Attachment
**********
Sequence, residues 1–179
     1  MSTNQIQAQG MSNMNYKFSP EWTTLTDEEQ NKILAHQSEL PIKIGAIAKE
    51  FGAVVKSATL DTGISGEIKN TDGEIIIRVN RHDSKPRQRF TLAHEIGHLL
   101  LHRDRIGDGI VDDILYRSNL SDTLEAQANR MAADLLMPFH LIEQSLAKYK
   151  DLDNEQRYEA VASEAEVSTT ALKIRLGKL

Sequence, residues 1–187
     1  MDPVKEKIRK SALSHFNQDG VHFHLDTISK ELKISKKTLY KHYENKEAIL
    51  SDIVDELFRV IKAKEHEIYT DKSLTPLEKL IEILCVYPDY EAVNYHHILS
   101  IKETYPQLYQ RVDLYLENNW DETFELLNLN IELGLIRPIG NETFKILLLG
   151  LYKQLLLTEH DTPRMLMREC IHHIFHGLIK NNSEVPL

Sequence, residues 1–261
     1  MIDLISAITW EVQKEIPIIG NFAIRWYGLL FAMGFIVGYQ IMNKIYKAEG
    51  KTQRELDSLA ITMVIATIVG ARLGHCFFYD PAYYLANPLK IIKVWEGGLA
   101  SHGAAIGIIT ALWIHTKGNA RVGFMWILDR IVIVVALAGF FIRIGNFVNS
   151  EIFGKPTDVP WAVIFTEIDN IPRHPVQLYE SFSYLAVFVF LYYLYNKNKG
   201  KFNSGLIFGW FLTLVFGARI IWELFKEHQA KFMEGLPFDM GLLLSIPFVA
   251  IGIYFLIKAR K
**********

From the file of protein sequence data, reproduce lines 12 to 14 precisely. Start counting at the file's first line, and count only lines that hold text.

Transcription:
     1  MIDLISAITW EVQKEIPIIG NFAIRWYGLL FAMGFIVGYQ IMNKIYKAEG
    51  KTQRELDSLA ITMVIATIVG ARLGHCFFYD PAYYLANPLK IIKVWEGGLA
   101  SHGAAIGIIT ALWIHTKGNA RVGFMWILDR IVIVVALAGF FIRIGNFVNS